'Daylight' Debut Delights: Teaser Trailer Features Flairs, Teddy Bears, and Other Things Going Bump in the Night

by Joseph Leray


Last month Zombie Studios, the six-man team behind "Blacklight: Retribution," announced "Daylight," a horror game about an amnesiac who wakes up in an abandoned psychiatric hospital. The fact that abandoned psychiatric institutions -- "insane asylum" is no longer the preferred nomenclature -- have been scientifically proven as the scariest buildings in the world sets the scene, as you can see in the new trailer (embedded below).

The game revolves around trying to escape from the hospital (obviously, since they're universally terrifying), navigating its haunted halls by flashlight or flare, using your cell phone as a GPS to track your movements. Speaking with Destructoid, creative lead Jared Gerritzen compared the game to being a rat in a maze: "It's kind of cool because the storyline is about this hospital and this doctor that was doing all of these experiments, and this insane kind of thing that really fits with the '50s/'60s tests on rats," he says.

"And so it's really funny that you're literally just trying to find your way through this map, but as you're going through, you're constantly being hunted and you're constantly being scared. Everything is different each time."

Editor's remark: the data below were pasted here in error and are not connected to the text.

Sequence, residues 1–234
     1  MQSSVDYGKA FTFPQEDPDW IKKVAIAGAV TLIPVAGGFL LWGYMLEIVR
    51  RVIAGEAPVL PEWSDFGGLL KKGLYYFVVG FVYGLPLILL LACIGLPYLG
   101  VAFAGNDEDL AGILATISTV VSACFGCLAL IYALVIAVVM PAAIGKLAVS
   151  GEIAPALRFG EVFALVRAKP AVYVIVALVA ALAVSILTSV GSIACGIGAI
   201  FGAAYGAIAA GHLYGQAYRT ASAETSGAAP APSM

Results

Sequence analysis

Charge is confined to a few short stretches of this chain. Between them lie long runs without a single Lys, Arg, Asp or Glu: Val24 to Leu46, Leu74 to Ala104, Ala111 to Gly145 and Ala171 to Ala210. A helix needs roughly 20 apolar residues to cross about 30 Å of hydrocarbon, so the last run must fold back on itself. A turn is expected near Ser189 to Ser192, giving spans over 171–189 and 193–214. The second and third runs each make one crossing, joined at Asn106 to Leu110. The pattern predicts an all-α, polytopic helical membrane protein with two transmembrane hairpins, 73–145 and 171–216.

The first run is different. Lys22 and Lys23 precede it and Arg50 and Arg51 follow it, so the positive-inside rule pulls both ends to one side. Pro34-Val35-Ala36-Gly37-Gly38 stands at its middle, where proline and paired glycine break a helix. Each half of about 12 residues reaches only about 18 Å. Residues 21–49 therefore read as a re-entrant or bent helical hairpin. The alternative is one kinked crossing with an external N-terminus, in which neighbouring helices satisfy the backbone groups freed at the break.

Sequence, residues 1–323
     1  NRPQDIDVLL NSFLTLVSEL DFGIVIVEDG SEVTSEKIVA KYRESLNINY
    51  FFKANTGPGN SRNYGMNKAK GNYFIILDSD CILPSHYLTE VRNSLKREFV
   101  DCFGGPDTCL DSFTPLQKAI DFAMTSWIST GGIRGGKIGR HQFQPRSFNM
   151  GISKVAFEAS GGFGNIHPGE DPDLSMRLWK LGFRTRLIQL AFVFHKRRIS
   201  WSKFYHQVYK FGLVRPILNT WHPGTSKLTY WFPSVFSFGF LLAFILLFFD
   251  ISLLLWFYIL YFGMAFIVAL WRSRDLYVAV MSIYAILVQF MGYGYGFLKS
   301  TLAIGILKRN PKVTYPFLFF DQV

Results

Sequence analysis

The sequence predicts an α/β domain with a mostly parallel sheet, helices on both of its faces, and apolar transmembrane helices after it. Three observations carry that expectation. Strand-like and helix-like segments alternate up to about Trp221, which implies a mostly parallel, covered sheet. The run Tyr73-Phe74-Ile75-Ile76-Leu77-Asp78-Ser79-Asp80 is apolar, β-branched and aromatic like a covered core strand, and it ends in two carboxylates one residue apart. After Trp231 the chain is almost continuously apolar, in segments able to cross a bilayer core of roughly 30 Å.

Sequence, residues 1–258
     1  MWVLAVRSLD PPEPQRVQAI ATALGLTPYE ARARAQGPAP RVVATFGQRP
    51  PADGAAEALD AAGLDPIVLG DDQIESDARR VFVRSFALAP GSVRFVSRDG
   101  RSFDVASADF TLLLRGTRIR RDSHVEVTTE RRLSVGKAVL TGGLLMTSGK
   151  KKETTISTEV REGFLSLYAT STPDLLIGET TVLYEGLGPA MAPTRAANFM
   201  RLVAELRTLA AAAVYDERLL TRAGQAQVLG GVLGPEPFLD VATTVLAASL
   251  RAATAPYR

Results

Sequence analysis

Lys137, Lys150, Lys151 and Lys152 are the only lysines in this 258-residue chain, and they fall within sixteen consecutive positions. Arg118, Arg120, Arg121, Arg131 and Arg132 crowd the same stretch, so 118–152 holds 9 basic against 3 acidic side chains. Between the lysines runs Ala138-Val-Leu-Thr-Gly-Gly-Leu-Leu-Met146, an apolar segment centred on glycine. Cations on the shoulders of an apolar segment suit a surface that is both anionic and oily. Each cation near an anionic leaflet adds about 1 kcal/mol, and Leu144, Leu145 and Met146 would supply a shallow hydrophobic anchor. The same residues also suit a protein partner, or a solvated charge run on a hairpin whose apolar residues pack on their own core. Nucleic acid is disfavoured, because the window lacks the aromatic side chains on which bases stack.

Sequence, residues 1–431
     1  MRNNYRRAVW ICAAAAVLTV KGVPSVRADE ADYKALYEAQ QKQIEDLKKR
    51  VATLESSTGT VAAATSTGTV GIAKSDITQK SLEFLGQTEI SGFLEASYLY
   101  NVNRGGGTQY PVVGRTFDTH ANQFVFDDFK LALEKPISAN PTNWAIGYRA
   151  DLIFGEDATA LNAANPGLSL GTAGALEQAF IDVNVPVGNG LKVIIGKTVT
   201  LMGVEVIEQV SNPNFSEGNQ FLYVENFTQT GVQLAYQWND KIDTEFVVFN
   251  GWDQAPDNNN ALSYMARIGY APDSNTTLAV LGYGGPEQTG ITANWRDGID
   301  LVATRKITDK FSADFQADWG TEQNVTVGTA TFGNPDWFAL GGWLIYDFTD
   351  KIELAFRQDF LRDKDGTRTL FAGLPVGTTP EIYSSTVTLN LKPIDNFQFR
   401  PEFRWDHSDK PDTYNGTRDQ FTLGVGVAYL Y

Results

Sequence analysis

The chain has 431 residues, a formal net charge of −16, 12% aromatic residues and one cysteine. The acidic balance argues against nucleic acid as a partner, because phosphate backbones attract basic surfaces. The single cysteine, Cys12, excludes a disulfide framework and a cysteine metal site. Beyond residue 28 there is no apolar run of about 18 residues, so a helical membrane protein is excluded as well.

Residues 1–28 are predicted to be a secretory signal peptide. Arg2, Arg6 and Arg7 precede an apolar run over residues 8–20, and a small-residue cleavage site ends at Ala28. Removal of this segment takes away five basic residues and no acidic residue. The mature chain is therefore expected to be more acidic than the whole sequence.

In addition to being written by Jessica Chobot and being one of the first games created with the Unreal Engine 4.0, one of "Daylight"'s hooks is that everything is randomly generated when the game loads up. "The only thing that's a constant is the end room and the beginning room," Gerritzen elaborates. "Everything in between is literally procedurally stitched-together rooms, and then those rooms are procedurally populated, and then those rooms are procedurally flagged for events. So the event could be spawning a phantom, it could be just spawning a little gag, it could be spawning a noise."

To keep things fresh, players will need multiple playthroughs to reveal all of "Daylight"'s secrets -- even the story clues are randomized -- and Zombie Studios plans to support the game with post-release expansions and patches to keep things interesting for fans.  Because the game is being released on Steam, the developers will have a lot of freedom to patch in new scares and new content. "If you get a new update on Steam, the idea is you've played a few times. We're going to throw in a few gags here and there and hopefully you'll be constantly getting surprised," explains Gerritzen.

Be sure to read Destructoid's full interview with Jared Gerritzen, which goes into more detail about what the team learned from their time working on the F.E.A.R franchise, to how they used night-vision cameras to focus test "Daylight"'s scares.